Start by pitching to someone you know that is intelligent, perhaps from a different field, who can be honest in their feedback and press hard on your plan. This will help you to identify the holes in your plan and prepare you for the professional discussions you will have going forward.
Once you have done this, carefully research your potential investors. Learn about their focus areas and their philosophy. Then, go to venture capitalists who have financed firms similar to your own; they will understand what you are saying. Some VC’s are very hands-off, whereas others regularly become quite involved with the operations of their portfolio companies. Be sure to talk to those that more closely match your needs. Once you have identified a good match, be sure to talk to the right person within the firm. For example, if your idea is in the realm of medical technology, be sure that you are speaking to those people in the VC firm.
In regards to presentation style, VC’s want to see visionaries who are passionate about their idea. As such, you should be able to talk without using notes or looking at the projector screen. The VC is investing in vision and passion, so show it. Your style is important because you have to be able to sell. Even if you secure the first round of financing, if your company is going to go public you will need additional rounds. You have to be able to sell to investors, partners, and customers. When you are giving the pitch, project confidence by not speaking too quickly. Show preparedness by including answers to expected questions in the presentation. Finally, project the image that the train is leaving, and if the VC’s do not get on now they will miss out.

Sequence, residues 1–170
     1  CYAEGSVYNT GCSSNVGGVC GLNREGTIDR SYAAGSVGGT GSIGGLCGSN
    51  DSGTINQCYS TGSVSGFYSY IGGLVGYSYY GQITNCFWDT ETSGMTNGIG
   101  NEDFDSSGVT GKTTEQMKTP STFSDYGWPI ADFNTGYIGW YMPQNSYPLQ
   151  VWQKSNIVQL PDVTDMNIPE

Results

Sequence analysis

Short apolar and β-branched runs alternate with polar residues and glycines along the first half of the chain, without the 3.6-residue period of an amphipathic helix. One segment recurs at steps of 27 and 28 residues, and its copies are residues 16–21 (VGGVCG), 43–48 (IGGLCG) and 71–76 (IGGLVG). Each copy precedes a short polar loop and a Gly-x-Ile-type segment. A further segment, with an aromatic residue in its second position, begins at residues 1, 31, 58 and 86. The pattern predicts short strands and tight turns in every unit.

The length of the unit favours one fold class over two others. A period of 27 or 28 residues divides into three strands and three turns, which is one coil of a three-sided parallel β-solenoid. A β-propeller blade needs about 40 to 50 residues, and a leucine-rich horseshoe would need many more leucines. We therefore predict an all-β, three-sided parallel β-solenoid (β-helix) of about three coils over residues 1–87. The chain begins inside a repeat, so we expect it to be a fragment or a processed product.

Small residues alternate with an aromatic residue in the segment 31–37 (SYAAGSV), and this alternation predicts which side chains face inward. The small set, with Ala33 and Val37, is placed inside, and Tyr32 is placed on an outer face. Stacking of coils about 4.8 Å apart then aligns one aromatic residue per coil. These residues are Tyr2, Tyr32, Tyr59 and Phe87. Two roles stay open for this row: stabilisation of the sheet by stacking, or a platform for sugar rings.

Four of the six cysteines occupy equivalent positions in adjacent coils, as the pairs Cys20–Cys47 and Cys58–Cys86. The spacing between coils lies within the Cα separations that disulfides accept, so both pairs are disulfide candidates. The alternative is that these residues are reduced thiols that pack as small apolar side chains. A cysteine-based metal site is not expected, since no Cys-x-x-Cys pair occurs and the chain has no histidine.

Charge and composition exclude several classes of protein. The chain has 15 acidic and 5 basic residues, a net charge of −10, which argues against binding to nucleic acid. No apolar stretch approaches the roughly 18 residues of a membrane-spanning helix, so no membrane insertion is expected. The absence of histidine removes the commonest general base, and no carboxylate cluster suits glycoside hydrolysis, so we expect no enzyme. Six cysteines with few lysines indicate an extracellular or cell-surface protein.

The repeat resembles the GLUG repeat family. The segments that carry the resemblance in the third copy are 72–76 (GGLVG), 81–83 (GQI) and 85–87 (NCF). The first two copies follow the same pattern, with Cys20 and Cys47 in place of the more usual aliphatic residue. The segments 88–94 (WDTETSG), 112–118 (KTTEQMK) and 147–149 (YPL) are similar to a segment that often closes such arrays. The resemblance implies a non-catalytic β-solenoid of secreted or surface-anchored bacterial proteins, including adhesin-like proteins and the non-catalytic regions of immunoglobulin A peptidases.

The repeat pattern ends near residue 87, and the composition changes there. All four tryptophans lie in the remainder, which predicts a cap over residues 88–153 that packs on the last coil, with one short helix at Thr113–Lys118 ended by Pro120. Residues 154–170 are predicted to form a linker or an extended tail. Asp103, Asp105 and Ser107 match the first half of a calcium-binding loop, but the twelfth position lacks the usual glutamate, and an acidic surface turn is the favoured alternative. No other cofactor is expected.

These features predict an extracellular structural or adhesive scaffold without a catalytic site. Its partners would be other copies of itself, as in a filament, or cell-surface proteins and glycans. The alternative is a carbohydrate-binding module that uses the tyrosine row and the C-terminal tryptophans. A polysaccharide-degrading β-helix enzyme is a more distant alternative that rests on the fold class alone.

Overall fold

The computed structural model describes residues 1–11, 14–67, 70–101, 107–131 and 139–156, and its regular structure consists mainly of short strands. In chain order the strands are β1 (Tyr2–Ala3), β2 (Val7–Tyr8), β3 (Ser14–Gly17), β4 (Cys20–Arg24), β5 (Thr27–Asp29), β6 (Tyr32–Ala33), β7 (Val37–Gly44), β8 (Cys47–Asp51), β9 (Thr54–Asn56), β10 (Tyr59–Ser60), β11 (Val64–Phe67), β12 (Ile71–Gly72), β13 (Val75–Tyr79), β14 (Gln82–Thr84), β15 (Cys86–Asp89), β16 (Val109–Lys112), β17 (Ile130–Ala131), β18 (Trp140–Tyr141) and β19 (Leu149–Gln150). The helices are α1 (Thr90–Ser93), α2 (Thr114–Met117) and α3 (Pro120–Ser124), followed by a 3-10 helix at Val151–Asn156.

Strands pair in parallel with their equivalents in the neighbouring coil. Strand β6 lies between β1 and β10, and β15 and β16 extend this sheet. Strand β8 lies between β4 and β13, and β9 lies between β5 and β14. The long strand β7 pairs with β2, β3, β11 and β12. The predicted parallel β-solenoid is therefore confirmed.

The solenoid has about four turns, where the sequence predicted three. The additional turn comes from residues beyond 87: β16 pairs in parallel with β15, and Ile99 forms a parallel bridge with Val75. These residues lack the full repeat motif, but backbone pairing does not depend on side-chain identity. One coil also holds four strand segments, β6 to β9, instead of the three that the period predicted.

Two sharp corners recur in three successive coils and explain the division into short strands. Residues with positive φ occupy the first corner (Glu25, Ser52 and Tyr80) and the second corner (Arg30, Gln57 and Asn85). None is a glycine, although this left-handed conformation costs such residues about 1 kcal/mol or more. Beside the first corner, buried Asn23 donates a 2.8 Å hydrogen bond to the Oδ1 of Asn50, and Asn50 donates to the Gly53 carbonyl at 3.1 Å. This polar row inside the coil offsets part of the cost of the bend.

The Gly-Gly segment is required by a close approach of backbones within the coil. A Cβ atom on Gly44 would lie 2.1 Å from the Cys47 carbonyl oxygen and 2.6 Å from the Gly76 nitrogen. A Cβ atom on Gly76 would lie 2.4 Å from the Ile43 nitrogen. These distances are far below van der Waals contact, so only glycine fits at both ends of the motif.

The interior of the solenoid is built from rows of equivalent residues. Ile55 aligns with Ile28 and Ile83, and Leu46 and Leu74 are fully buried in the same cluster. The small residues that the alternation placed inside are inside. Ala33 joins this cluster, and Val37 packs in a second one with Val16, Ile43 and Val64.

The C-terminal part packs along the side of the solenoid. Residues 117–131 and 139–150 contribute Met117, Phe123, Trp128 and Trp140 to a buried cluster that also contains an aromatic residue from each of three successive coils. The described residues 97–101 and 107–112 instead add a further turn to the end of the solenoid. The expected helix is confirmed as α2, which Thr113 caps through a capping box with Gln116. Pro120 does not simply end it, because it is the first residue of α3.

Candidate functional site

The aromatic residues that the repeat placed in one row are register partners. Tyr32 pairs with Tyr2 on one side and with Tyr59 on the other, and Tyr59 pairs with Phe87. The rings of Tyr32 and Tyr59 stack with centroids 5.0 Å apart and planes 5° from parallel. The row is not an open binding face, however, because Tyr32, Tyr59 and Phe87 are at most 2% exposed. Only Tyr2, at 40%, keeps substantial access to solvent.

Signs you should not pursue VC:
In my opinion, pursuing VCs may not be the most strategic way for a young person to raise capital early on in their career. Because of the preferential rights included in the upfront agreement, there is less space for the entrepreneur to really capitalize on the later (and larger) successes of the company down the road. I believe it is more beneficial to begin with HNW individuals who share in the same mindset.
So, unless you can reach a great VC independently or with help from others quickly, my suggestion is to wait with testing your CEO skills until Venture Capital, not the economy recovers. If you can.
The entrepreneur needs to be the lead communicator:
You want to over-communicate your plan to your management, your partners, your financiers, etc. Eat, sleep, and live to communicate your vision. Tone, voice, and direction should all come from the visionary. Embracing the responsibility is a powerful and effective means to keep the company focused on the promise and primary tasks. You are constantly selling, even to the point of oversell, the goals and dreams of the company. Whether speaking to employees, investors, customers or press, if the one who created the dream isn’t the champion, they have little right to ask anyone else to believe in it.
View previously written posts by Mouli Cohen about entrepreneurship